This is one of the nearest regions of very recent star formation (300,000 years ago). The nebula is a giant gas cloud illuminated by the brightest of the young hot stars at the top of the picture. Many of the fainter young stars are surrounded by disks of dust and gas that are slightly more than twice the diameter of the Solar System.
The great plume of gas in the lower left in this picture is the result of the ejection of material from a recently formed star.
The brightest portions are "hills" on the surface of the nebula, and the long bright bar is where Earth observers look along a long "wall" on a gaseous surface. The diagonal length of the image is 1.6 light-years. Red light depicts emission in Nitrogen; green is Hydrogen; and blue is Oxygen.
The Orion Nebula star-birth region is 1,500 light-years away, in the direction of the constellation Orion the Hunter.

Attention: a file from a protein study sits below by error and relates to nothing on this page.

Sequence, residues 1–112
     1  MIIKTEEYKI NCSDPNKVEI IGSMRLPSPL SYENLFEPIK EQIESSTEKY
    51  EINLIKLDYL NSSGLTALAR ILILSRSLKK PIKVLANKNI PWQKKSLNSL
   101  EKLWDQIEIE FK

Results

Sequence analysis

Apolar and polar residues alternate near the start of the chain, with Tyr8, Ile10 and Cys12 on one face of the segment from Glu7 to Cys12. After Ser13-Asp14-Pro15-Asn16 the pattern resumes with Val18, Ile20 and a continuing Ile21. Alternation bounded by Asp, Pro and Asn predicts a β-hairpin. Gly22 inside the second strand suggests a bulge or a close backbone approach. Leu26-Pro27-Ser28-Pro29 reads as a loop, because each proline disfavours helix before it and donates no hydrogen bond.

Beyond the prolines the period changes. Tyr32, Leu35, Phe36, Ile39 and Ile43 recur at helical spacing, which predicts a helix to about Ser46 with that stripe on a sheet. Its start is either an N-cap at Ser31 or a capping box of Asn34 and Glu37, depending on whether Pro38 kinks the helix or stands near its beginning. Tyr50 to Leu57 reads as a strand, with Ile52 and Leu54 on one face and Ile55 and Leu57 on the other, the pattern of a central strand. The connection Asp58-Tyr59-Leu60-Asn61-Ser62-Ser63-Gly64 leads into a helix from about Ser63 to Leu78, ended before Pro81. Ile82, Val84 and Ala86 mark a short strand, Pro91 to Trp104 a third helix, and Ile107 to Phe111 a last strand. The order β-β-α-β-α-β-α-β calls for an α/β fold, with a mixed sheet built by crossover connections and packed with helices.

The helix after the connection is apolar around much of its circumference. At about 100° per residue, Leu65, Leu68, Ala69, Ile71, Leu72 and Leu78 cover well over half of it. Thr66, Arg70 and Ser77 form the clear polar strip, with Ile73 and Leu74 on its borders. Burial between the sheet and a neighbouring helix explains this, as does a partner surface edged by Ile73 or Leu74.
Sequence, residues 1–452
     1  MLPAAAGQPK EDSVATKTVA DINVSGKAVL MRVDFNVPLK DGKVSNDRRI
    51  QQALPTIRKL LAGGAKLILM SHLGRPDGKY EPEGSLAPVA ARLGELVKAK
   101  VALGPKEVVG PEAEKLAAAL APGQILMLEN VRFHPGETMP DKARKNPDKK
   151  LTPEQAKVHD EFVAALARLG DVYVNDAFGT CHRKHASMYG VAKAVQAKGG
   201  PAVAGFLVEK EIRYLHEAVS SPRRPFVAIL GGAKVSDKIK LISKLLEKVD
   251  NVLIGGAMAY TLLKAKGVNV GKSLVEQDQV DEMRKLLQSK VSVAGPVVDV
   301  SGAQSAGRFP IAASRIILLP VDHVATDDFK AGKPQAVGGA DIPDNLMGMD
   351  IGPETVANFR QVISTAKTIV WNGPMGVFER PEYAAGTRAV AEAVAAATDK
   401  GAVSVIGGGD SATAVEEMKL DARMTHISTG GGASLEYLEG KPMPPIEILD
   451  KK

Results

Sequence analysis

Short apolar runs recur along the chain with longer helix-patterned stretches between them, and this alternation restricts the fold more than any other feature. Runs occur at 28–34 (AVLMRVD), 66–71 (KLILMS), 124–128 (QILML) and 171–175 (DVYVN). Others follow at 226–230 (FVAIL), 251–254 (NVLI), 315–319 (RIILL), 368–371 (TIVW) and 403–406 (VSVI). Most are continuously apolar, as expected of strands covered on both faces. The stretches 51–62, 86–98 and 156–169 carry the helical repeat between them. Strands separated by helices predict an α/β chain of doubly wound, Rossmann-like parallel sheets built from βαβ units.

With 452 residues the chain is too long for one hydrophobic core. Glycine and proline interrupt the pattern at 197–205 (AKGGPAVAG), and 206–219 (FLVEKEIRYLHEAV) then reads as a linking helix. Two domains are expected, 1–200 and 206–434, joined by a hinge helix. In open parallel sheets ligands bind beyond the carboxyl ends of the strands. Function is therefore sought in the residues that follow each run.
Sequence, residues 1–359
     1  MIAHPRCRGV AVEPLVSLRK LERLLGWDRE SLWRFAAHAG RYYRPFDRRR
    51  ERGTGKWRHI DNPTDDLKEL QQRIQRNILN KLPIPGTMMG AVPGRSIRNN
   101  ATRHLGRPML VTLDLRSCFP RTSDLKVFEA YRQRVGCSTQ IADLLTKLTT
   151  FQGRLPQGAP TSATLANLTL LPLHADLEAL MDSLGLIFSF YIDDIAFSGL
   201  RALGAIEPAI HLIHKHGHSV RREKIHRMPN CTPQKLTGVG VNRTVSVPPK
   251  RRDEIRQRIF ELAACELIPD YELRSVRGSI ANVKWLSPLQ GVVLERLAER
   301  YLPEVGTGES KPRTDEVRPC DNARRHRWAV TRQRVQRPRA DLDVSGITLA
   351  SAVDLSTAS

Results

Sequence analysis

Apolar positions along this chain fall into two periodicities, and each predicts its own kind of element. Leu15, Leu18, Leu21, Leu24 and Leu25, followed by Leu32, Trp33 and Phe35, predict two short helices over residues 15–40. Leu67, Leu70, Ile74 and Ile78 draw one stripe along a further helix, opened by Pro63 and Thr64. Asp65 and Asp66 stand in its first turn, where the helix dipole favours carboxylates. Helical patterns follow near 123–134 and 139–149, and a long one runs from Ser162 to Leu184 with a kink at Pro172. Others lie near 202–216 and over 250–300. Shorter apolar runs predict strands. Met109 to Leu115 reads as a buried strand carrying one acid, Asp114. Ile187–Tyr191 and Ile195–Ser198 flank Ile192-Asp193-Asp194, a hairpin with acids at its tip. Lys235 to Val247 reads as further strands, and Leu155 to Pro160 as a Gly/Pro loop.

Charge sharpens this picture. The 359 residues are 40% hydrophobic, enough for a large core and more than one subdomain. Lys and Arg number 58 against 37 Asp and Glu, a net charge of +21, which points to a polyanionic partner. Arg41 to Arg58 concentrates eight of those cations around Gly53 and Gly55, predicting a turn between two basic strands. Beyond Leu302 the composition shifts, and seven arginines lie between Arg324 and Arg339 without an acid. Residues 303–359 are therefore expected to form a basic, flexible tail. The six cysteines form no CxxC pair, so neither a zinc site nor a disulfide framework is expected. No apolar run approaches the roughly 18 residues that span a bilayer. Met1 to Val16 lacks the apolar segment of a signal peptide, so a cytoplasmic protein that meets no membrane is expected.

Above images were taken on 29 December 1993 with the HST's Wide Field and Planetary Camera 2. They were thus among the first images obtained with the refurbished Hubble Space Telescope after the Space Shuttle servicing mission, STS-61.
The Orion Nebula starbirth region is 1,500 light-years away, in the direction of the constellation Orion the Hunter.
The image was taken on 29 December 1993 with the HST's Wide Field and Planetary Camera 2, WFPC2, in PC mode.
Credit: C.R. O'Dell/Rice University, and NASA
The images in this page were used to produce a nice Orion Nebula Animation, simulating an approach to a protostar in the Orion nebula [Caption].
More, newer (Nov 1995) Hubble images of and informations on the Orion Nebula and its protoplanetary disks.
Last Modification: July 6, 1999